And then there's the small talk. "Good morning. Sleep well?" Maybe I'm just unfriendly, but you'll be lucky if you get a grunt out of me at 3AM when the lights are turned up and the hostess pulls my seat into the upright position in order to feed me coffee that could be coffee or tea or even orange juice given the taste of plastic that predominates and my inability to get to the toilet to clean my teeth due to aforementioned neighbour sleeping off booze.

Of course, in the ad, everyone slept well. Another fallacy. Do you know anyone who has ever slept well on a plane?

I'm married to the kind of guy who regularly falls asleep at dinner parties, at dinner tables, with one hand still nestling round his beer, and his eyes still open, (and often, I have to say, his mouth still moving - although he does tend to stray from the topic at hand) and even he struggles to snatch an hour or so aboard a plane.

Ms Nice Lady

Then there's the final straw. The "real nice lady at check in". Well, maybe I fly the wrong airlines, or perhaps I have one of those "hey, I'm a sucker, why don't you take out the fact that you hate your job on me" signs tied around my neck, but "nice" is not an adjective I'd choose to describe the average "lady" at check-in.

If it were up to me (and I'm guessing that SAA is currently scratching me off their list of people to consult for advertising strategies at this point), I'd call it like it is.

If I were an airline, I'd say: Hey, we know our seats are too small and too hard and too uncomfortable to sleep in.

We know our food sucks, and we know our service isn't up to much (after all, the stewards are also just looking for a cheap way to travel). We might lose your baggage, make you miss your next flight, or even leave you stranded on foreign shores when our entire staff complement goes on strike and we haven't thought up a plan B.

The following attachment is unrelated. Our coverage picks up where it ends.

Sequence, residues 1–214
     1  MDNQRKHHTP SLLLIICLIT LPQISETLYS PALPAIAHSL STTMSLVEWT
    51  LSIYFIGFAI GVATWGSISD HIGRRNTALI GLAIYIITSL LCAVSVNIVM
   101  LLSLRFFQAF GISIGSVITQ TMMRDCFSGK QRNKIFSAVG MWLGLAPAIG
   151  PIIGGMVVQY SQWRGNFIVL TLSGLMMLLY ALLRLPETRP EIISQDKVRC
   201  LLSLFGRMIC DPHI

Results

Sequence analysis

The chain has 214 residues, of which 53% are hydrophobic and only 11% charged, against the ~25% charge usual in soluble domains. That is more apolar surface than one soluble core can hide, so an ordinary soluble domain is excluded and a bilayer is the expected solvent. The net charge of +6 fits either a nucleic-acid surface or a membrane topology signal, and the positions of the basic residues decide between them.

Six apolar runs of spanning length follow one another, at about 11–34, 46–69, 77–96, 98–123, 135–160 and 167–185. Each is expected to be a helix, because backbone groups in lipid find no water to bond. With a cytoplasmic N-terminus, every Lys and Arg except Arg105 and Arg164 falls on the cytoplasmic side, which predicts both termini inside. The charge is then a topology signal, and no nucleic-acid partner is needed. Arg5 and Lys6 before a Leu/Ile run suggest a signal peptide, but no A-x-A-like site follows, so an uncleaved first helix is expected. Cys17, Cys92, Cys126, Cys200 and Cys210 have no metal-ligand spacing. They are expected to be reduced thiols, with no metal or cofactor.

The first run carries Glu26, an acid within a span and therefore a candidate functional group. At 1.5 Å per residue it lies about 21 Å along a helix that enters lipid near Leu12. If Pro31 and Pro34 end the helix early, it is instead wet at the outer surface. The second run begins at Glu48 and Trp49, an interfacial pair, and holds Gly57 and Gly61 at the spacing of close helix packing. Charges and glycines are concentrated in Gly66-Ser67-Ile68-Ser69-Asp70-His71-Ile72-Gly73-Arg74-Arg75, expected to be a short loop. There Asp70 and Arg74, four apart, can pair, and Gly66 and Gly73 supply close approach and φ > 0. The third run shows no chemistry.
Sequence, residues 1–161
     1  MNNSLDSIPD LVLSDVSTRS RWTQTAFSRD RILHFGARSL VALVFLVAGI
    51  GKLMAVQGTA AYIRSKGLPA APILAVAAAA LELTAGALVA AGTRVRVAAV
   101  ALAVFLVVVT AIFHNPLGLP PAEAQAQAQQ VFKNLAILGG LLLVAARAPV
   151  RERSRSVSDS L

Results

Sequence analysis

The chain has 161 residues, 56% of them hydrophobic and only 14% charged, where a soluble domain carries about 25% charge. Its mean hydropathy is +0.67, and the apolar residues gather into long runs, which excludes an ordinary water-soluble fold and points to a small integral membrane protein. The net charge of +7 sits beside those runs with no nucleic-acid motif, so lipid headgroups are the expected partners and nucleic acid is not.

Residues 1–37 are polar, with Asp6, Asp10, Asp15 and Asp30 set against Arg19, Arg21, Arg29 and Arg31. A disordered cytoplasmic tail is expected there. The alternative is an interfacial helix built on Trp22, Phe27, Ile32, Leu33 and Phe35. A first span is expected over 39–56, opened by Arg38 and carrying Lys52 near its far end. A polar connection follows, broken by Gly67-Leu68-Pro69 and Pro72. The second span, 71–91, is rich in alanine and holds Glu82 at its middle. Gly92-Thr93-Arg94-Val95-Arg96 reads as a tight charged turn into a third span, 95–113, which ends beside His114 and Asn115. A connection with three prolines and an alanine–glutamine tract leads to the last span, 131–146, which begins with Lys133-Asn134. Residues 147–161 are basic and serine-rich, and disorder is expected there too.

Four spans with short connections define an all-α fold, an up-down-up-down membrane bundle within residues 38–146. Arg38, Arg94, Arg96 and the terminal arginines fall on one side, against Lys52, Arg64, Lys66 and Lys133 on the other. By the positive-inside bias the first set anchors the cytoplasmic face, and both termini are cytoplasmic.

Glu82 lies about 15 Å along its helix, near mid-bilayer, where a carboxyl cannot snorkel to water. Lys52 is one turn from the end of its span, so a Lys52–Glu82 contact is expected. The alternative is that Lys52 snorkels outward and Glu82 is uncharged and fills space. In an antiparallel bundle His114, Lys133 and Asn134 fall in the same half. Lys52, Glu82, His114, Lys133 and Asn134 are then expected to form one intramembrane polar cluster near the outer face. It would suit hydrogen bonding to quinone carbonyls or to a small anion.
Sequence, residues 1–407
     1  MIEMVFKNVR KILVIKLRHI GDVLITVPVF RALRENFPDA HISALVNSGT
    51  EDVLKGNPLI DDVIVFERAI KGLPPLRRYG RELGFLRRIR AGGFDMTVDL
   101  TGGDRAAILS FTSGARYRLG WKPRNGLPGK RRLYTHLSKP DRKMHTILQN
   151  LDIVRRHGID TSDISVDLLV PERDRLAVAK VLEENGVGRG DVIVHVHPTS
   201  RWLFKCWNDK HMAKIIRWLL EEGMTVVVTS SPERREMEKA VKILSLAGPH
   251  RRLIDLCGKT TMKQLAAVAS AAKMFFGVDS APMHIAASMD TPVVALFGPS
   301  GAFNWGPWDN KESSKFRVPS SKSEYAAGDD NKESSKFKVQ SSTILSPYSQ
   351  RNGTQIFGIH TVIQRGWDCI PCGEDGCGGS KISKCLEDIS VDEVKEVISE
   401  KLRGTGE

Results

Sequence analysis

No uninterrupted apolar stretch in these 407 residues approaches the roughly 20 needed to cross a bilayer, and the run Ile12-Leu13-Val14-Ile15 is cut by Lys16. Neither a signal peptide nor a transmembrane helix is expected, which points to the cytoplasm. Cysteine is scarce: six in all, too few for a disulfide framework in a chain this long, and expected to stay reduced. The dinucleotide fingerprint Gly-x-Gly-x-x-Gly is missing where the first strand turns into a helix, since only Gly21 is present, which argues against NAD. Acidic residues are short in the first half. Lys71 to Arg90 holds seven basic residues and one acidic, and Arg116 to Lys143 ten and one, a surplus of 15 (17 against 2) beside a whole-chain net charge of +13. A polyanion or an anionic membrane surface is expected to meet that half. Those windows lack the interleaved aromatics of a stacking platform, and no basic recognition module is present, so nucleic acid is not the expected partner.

But the good news is that it's all in the interests of lowering your ticket price. We cram more people in so we can charge you less. We serve crap food so that we can charge you less. We invest in poor staff so we can charge you less.

(I'd be inclined to avoid mentioning buying planes past their sell-by date so we can charge you less. I'm thinking that might not work so well!)

For the vast majority of us (those who can't afford to fly any class other than straight old economy), there is only one differentiator between carriers - the price tag.

Because when it comes to flying, I don't expect to be able to stretch my arms or my legs (or even my pinky finger). I don't expect Michelin quality food, nor first-class service. All I want is to arrive at my destination (preferably in one piece) with enough cash in my pocket to enjoy my holiday.

And if I ever find an airline brave enough to admit that that's what they're offering, I'll be a customer for life (or at least until someone undercuts their price!)

  • Kim Penstone recently swore she'd never travel Air France again after her last experience, but in the interests of saving a buck, she's about to fly with them again. She used to think she was more principled than this, but she's over that now.
  • If you're more interested in the serious side of marketing and advertising, go to